This difference in basic intellectual outlook leads to other differences, sometimes more apparent than real, but important none the less because they are felt to be real. Thus, to a considerable extent, intellectuals abroad are likely to be leftist in their political sentiments. In contrast, American scholars and intellectuals, although in fact they may be anything but conservative, are nevertheless frequently perceived by their foreign colleagues as adherents of the status quo. The reason has less to do with their explicit political sentiments than with their intellectual style. By and large, they tend to be "problem-oriented." That is to say, they generally shun sweeping verdicts on the state of society, and prefer, by training and inclination, to break down large issues into their smaller parts, formulating these as limited problems which manageable programs of inquiry or reform may reasonably be expected to solve. Accordingly, to others with different traditions, American scholars are likely to seem at best mildly reformist or meliorist. Their concern to deal with limited problems one by one suggests that they are merely tinkering with a social system with whose fundamental aspects they are in sympathy. Moreover, this impression which foreign intellectuals have of American intellectual culture is complemented and complicated by another impression which they are also likely to have. Leftist though they may be in their political sentiments, many foreign intellectuals also tend to be aristocratic in their educational, esthetic and cultural ideals. Although American intellectuals may often share the foreigner's disdain for "leveling- downwards" and "mass culture," they are less often as stringent and uncompromising in their declarations of principle. They are likely to be more tolerant of the theory and practice of American mass education. They are less prone to see inherent conflicts between "democracy" and "excellence," or "industrial society" and "individual freedom." And while they may recognize a conflict between "the sciences" and "the humanities," they do not so often draw the absolute line between these two spheres that intellectuals in other parts of the world do. In sum, although an antagonism between "the two cultures" exists in the United States, it is probably less pronounced in this country than in any other. In consequence, if American intellectuals strike others as too conservative from one point of view, they often seem too modernist, too supinely afloat on the wave of the future, from another point of view.[ii]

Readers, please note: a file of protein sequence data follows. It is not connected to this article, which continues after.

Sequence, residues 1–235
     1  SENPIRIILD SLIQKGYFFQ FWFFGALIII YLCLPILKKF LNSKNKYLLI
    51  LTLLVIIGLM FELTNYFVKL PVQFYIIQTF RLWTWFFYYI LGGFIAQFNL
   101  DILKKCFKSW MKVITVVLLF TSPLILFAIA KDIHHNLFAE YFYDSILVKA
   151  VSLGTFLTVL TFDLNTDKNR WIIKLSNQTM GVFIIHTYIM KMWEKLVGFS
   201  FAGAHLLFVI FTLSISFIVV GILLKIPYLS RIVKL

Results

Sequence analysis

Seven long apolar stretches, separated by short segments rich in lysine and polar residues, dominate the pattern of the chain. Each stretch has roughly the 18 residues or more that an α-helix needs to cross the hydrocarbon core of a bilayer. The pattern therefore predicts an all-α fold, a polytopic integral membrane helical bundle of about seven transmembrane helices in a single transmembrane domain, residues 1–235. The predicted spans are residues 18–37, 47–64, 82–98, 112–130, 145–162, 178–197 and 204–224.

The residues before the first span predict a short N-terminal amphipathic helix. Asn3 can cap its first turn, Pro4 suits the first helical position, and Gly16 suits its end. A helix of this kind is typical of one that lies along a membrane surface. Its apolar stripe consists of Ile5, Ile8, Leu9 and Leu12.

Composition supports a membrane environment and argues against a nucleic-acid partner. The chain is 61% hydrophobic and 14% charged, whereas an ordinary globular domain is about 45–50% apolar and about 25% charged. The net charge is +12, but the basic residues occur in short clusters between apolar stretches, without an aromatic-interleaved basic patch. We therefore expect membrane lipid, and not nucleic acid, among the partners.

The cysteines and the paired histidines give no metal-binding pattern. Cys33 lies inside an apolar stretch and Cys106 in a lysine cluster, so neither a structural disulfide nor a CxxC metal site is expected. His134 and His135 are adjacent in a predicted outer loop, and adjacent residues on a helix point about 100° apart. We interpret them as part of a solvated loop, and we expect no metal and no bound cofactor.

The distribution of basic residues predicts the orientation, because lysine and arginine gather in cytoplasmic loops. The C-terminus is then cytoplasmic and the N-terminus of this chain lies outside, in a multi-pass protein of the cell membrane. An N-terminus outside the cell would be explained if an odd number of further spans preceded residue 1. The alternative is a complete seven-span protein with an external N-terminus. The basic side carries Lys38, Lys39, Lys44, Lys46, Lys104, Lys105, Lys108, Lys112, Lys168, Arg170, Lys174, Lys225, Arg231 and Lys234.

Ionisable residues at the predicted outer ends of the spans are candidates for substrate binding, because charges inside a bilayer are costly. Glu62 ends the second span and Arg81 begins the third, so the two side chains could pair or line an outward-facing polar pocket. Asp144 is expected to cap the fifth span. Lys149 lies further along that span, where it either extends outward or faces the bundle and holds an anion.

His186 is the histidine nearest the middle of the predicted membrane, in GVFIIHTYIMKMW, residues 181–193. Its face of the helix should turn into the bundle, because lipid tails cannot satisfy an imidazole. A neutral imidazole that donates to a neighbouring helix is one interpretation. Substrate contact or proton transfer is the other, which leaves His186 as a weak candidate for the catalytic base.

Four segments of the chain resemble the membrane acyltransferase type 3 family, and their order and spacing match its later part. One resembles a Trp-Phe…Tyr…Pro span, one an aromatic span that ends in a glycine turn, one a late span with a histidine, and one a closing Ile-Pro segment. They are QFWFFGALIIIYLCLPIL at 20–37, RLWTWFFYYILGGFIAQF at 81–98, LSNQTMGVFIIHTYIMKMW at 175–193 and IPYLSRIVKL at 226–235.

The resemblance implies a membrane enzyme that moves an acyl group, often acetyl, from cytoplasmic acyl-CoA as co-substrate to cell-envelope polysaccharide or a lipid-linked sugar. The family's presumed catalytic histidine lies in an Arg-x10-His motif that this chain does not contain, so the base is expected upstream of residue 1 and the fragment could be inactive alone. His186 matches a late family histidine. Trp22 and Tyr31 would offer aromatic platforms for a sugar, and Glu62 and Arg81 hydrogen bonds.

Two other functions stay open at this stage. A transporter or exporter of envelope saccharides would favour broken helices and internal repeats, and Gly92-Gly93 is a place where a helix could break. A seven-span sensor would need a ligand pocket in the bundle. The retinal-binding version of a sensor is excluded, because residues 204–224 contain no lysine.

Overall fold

The issue is practical, indeed economic and political, as well as moral and theoretical. In the United States itself, the introduction of new intellectual materials that require new intellectual skills if they are to be mastered, and particularly the introduction of methods of social inquiry marked by indifference to traditional ideological positions, have encountered resistance on many occasions and in many places. This resistance is likely to be all the greater when, in a given country, such materials and methods appear to be an import from abroad. A revision of secondary-school curricula, the return of students trained in the United States in American methods of empirical social inquiry, the introduction by visiting American scholars of the American style in sociology and political science, can all imply or seem to imply the upsetting of established learning in a host country. Without intending to do so, American programs of educational and cultural exchange can thus threaten the established system of status and prestige in academic and intellectual circles abroad.